This is such a cool aspect and photo opportunity that you took for your blog post!! I love that you included the dangers of the algae blooms. I first learned about these in first grade because that is when Manatees became my favorite animal. I also follow a lot of manatee rescue pages on social media, so they are constantly reporting on how the algae bloom cause sickness and death in manatees.

  6. marcella.wilroy770 says:

    This is so sick!! I remember stumbling upon the bioluminescent plankton once in Ventura a few years ago. I’ve been checking here and then around this time of year in hopes of seeing it again. Though I was never aware of how to spot it. I’m super glad that you included it was a result of the red tide. I didn’t really understand there was a correlation between the two until now. The next time I see a red tide, I’ll know I need to come back at night for some sweet bioluminescence! I’m also thankful you included that not necessarily all algal blooms are toxic, I was worried considering I definitely splashed around in it the last time I saw it! Anyway, I’m glad you stumbled upon this because I’ve been dying for it to be brought up and class. Also this was super educational and now I know how to look for it. Thanks Michael!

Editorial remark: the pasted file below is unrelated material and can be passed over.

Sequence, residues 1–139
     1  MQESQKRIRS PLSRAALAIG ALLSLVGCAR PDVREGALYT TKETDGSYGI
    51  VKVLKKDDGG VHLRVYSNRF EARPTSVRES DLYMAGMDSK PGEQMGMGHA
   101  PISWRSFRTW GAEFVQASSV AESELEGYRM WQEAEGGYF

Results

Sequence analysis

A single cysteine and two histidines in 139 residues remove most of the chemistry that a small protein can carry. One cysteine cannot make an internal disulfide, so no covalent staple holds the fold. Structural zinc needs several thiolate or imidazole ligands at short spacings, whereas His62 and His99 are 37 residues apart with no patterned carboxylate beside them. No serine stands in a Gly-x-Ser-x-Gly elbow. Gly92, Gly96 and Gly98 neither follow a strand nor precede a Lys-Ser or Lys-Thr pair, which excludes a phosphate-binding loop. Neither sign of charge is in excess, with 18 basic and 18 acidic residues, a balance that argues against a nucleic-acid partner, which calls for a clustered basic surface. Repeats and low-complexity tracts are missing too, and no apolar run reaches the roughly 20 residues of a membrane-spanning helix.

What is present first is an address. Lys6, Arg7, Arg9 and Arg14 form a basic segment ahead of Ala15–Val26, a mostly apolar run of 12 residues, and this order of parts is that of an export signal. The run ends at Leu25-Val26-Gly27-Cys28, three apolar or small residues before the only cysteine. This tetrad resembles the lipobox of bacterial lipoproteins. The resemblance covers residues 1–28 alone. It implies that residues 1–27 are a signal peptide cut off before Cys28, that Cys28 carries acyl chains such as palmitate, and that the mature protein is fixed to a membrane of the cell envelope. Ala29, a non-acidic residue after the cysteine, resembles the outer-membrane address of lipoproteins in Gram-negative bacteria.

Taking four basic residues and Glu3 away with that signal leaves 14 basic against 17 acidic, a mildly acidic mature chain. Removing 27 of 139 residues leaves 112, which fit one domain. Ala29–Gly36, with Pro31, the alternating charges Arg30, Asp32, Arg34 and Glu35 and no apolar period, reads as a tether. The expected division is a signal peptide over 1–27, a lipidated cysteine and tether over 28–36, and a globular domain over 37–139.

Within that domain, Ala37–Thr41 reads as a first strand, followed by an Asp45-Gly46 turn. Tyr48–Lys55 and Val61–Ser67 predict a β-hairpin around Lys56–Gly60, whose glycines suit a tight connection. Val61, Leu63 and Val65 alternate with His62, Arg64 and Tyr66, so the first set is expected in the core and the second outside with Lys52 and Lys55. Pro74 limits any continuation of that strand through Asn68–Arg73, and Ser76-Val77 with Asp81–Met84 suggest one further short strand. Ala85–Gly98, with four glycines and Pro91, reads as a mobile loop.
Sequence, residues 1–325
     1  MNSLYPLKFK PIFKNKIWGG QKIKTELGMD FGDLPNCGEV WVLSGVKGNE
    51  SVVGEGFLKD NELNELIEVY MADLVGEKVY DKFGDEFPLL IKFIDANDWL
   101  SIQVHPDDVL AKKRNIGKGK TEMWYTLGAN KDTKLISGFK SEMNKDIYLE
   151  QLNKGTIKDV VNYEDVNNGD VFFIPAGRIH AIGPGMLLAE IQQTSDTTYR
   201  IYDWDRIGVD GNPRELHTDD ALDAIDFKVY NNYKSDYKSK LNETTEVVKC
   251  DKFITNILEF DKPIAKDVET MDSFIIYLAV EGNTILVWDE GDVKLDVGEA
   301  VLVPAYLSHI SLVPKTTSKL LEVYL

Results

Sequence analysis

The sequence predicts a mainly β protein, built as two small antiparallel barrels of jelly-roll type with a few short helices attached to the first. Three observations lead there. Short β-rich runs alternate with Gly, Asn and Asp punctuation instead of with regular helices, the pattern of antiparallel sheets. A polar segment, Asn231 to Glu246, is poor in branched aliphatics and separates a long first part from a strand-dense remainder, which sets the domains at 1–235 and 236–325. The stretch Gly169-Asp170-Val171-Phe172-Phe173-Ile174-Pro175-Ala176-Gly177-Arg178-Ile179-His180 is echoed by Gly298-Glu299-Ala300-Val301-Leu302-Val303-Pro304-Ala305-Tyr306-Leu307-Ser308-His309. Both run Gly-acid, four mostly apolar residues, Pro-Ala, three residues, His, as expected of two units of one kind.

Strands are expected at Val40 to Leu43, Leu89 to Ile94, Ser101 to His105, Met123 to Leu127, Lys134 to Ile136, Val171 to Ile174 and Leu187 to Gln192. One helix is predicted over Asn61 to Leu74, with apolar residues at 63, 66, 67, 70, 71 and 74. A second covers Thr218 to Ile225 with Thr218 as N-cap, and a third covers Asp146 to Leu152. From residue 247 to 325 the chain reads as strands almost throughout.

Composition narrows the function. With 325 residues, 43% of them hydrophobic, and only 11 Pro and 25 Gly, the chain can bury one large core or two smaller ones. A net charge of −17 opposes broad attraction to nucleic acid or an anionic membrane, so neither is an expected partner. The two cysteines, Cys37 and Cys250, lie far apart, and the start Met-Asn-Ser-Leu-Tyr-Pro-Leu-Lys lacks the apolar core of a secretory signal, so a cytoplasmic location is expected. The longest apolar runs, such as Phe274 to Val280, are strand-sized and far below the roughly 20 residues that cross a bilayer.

7. alycia.eade326 says:

    Hi Michael,

    I had no idea that red tide actually turns a different color when impacted by wind- that’s really cool. You have quite a bit of knowledge about the science behind it as well. It makes a lot of sense that there would be red tide located in that area because there are many farms in Oxnard- especially Coastal Berry Company LLC farm, which is I believe a mile or less from that coastal zone, and therefore the run off from these farmlands would drain into the ocean. It does bring to mind the question of ethics because obviously having a farming location within a mile of the coastal zone does pique some serious environmental concerns such as chemical pollutants draining directly and in a more potent fashion into the ocean waters. Do you know anything about this issue?